Does not require an intermediate mechanical interfacePower transmission system is very complicated due to the unequal generated voltage created by the irregular wave motion
Reduces maintenance costVelocity of the translator is much lower than conventional rotary generators
Relatively highly efficientLow power-to-weight ratio
Possibility of continuous force controlNeeds heavy structure due to the attractive forces between the stator and the translator
Table 8. Materials costs [186].
Table 8. Materials costs [186].
ItemMaterialCurrent Unit CostUnit Cost Range
Permanent magnets (PMs)Neodymium–iron–Boron96 USD/kg72–120 USD/kg
StatorElectrical steel2.5 USD/kg2–3 USD/kg
TranslatorElectrical steel2.5 USD/kg2–3 USD/kg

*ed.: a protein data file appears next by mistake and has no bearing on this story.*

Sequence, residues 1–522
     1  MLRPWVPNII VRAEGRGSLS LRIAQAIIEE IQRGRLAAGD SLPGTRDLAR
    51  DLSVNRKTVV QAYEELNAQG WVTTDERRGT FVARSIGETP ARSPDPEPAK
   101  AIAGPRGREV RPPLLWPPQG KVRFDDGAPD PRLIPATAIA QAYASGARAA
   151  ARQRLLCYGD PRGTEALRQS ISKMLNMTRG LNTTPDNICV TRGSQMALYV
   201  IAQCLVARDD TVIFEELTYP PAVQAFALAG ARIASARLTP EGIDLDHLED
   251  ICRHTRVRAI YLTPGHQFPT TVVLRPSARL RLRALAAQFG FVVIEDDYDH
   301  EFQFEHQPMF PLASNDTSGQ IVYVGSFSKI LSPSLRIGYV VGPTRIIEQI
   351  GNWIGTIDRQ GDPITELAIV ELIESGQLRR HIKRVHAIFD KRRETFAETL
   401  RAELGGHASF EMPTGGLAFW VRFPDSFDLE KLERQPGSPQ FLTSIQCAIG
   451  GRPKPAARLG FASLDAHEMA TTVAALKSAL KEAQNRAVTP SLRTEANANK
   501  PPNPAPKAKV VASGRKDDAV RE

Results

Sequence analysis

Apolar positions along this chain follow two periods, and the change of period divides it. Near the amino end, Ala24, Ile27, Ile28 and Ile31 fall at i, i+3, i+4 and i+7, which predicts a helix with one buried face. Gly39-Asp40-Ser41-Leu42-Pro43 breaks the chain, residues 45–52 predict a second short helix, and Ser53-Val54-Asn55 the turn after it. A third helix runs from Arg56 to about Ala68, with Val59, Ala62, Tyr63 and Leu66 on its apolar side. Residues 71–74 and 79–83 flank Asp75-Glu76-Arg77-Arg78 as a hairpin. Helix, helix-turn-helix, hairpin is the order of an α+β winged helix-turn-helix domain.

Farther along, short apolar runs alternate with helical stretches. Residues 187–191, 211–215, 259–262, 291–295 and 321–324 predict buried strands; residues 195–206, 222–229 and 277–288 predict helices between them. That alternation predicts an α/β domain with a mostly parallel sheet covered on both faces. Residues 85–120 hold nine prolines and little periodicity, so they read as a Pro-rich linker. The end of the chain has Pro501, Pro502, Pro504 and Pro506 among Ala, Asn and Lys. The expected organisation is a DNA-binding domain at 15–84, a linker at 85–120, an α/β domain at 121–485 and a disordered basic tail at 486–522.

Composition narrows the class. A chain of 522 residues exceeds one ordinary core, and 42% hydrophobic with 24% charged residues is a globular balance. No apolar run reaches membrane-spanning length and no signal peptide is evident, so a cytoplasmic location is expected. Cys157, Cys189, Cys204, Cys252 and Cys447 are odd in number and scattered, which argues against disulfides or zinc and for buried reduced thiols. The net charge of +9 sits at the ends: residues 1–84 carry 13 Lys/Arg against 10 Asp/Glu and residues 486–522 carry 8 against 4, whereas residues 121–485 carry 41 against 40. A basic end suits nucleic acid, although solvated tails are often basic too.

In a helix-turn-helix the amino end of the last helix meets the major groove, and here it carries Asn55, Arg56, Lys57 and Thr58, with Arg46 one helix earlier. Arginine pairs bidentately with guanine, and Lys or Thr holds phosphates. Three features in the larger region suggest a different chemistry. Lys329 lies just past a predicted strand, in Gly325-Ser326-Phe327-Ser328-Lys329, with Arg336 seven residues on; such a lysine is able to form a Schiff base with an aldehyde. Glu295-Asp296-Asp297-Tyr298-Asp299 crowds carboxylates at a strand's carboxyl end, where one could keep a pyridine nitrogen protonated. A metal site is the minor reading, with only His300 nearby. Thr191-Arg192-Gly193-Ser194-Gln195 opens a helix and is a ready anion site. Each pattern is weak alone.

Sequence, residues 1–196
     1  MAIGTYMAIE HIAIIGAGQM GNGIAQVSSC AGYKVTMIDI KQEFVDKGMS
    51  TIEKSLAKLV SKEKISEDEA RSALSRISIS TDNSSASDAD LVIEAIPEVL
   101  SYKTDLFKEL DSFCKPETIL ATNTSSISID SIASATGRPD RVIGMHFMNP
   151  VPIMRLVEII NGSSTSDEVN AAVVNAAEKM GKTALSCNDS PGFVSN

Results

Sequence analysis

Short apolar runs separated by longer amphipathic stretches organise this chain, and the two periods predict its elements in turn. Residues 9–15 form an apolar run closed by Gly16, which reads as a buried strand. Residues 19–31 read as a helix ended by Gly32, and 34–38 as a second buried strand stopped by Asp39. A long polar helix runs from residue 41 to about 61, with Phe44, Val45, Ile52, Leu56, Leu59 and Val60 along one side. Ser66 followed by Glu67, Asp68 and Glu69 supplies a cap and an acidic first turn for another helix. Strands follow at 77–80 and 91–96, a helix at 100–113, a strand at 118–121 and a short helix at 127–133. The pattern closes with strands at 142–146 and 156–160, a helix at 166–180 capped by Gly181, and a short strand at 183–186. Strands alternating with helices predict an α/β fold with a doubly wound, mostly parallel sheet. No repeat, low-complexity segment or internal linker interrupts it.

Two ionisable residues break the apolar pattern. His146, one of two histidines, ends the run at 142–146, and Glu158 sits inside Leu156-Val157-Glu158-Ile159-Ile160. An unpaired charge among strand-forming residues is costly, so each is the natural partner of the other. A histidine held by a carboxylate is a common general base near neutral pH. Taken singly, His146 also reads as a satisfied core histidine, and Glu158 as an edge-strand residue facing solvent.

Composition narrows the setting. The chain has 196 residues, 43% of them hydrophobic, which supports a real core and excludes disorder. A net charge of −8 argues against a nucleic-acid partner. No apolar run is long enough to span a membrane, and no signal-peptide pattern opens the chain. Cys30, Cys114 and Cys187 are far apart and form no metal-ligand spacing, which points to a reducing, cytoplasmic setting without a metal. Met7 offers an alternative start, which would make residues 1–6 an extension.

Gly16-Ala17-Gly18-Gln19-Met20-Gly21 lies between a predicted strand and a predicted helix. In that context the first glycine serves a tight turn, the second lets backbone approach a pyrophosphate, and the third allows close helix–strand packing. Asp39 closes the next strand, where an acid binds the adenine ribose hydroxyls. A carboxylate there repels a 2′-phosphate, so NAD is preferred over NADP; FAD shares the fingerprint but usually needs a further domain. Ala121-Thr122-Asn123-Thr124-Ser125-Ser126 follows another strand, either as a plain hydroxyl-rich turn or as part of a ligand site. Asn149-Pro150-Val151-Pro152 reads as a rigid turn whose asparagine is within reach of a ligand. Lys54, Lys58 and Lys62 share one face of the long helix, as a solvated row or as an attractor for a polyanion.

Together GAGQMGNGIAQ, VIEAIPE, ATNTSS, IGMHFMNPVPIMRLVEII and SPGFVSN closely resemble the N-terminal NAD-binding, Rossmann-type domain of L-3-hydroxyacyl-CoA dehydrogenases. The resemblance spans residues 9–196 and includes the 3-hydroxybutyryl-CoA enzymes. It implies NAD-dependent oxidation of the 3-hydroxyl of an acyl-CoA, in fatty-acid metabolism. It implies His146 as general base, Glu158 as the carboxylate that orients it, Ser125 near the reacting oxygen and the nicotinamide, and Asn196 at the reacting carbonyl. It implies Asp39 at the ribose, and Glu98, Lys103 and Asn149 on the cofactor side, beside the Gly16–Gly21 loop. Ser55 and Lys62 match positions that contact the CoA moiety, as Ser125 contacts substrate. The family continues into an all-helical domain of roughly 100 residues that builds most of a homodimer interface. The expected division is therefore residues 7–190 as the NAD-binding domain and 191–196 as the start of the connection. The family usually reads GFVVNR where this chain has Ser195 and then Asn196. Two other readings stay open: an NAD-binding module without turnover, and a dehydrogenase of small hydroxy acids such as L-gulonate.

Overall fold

RimAluminium alloy6 USD/kg4.5–7.5 USD/kg
Winding coilCopper coil1 USD/m0.5–1.5 USD/m
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Ahamed, R.; McKee, K.; Howard, I. A Review of the Linear Generator Type of Wave Energy Converters’ Power Take-Off Systems. Sustainability 2022, 14, 9936.

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Ahamed R, McKee K, Howard I. A Review of the Linear Generator Type of Wave Energy Converters’ Power Take-Off Systems. Sustainability. 2022; 14(16):9936.

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Ahamed, Raju, Kristoffer McKee, and Ian Howard. 2022. "A Review of the Linear Generator Type of Wave Energy Converters’ Power Take-Off Systems" Sustainability 14, no. 16: 9936.